is a Site of Special Scientific Interest with panoramic views over the Dee estuary to the Wirral, Liverpool and beyond. This is a fascinating place with evidence of people having lived here for 5000 years. Today, the mountain is crossed by footpaths, bridle ways and quiet roads, ideal for walking, horse riding and cycling. There’s hardly need to leave the local area!
, Holywell – the Heritage Centre is in a 70 acre historical industrial site with a museum and a farm. It’s also home to the remains of Basingwerk Abbey one of many abbeys destroyed by Henry VIII. They have lots of events on for families and the popular Green Pea cafe, so something for everyone.
Loggerheads and Moel Famau Country Parks
form the heart of the AONB. The riverside and woodland walks and the splendid Caffi Florence
mean something for all the family.
Loggerheads Country Park
Mold – A charming market town with the world famous Theatr Clwyd
nearby. Markets are held on Wednesdays and Saturdays.
Holywell Town – The Lourdes of North Wales, home to St Winifred’s Well
Legend has it that a spring erupted on the spot where an unwanted suitor, Caradog, cut off Winefride’s head when she spurned his advances.
was built in 1277 by Edward I and cost £6068.7s.5d at the time. These days, entry is free.
Holywell High Street
St Winifred’s Well
– an Area of Outstanding Natural Beauty. A contrasting mix of heather moorland, limestone crags, woodland and rolling farmland, it covers an area of 62 sq miles following the ridge of the hills. Many of the peaks are topped with Iron Age hill forts.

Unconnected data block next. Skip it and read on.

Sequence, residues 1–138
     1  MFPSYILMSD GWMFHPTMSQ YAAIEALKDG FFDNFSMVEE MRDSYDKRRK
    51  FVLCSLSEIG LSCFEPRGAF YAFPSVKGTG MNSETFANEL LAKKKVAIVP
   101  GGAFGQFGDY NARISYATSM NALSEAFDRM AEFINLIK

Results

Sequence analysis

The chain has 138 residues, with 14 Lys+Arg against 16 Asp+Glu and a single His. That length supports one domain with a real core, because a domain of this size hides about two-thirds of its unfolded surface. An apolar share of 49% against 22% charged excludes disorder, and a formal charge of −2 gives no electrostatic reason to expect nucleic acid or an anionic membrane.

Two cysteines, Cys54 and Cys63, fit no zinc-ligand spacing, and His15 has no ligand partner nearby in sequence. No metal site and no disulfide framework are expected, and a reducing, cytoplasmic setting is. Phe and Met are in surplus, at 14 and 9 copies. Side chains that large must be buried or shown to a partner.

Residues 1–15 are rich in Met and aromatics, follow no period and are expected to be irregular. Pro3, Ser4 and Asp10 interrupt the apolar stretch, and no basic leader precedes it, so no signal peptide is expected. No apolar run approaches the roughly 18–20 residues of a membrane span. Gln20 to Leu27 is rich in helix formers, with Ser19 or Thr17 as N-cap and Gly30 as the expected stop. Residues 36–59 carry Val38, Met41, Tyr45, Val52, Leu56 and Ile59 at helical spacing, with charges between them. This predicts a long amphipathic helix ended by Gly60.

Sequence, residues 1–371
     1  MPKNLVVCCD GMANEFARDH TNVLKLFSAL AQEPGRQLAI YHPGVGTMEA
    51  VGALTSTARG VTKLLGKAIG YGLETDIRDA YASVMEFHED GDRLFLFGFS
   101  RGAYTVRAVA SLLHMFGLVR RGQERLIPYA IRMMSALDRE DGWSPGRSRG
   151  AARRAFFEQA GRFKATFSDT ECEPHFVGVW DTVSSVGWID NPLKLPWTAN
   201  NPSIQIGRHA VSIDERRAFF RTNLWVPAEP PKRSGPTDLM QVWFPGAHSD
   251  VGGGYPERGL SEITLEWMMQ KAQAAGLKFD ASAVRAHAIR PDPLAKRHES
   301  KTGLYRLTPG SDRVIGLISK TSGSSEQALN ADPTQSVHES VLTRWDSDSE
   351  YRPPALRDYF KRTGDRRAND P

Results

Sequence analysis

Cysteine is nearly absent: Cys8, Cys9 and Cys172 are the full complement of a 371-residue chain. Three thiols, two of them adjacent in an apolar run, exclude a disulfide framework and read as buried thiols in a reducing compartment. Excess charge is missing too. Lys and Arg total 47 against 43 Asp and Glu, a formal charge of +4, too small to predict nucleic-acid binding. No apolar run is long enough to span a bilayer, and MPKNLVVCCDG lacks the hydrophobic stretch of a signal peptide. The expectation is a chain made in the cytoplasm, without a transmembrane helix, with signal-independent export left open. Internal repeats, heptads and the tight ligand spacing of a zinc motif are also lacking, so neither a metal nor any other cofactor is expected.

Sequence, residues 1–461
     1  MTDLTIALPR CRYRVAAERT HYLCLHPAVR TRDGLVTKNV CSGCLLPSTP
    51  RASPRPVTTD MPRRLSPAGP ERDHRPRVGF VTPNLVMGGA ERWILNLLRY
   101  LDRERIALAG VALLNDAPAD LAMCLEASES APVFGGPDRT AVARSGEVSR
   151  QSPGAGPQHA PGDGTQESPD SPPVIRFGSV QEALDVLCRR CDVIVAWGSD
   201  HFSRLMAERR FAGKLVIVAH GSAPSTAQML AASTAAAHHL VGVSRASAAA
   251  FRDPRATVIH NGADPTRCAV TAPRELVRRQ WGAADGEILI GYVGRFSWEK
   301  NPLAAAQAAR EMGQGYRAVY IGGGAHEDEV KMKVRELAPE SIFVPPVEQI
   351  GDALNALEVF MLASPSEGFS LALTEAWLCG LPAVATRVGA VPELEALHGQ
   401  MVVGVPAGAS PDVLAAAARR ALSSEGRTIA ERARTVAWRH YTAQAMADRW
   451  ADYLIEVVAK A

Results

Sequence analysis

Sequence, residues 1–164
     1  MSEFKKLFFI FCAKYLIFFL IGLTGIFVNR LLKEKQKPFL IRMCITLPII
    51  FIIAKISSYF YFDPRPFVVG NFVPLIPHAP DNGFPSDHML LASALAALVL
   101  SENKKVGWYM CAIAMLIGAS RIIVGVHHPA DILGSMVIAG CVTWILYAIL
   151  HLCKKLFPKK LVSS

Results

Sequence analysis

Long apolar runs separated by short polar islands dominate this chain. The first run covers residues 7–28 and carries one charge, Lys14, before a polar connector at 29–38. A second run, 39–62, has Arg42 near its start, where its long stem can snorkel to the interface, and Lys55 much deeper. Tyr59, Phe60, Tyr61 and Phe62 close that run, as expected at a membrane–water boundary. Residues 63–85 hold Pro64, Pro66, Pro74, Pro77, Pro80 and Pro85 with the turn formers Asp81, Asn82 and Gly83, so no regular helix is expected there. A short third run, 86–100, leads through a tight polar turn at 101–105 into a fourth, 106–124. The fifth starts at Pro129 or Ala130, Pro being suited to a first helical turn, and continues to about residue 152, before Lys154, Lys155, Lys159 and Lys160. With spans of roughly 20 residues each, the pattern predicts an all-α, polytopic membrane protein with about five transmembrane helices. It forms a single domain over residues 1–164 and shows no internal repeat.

is one of the loveliest towns in North Wales with its centre of narrow streets and small independent shops. Combine a day’s shopping with a visit to Ruthin Craft Centre.
, the highest peak in the Range, is easily identified from miles around by it’s JubileeTower, built to commemorate the Golden Jubilee of George III. Unfortunately, it blew down during a storm in 1862 leaving the remains you can see today.
Offa’s Dyke Path
St Peters Square, Ruthin
Other attractions nearby:
: just over the border, Chester is a great Roman and Medieval walled city. You can walk the walls, stroll down by the river or shop in the famous Rows, a unique blend of medieval and modern.
Beautiful Llangollen in the Dee Valley is a popular destination with the river and horse drawn canal boats.
The medieval rows of Chester
A little further away:
A visit to North Wales is not complete without a visit to one of its stunning castles Conwy
and Caernarfon are the most dramatic.
Snowdonia National Park is about an hour’s drive away
Just up the road, about 40 minutes away, is the wonderful Victorian seaside resort of Llandudno.
Snowdonia National Park
The beach at Llandudno
And last but not least: Liverpool – a fabulous Shopping Centre at Liverpool One, museums and refurbished docks. Or see the Fab Four at the Cavern. And you can still get a ferry across the Mersey.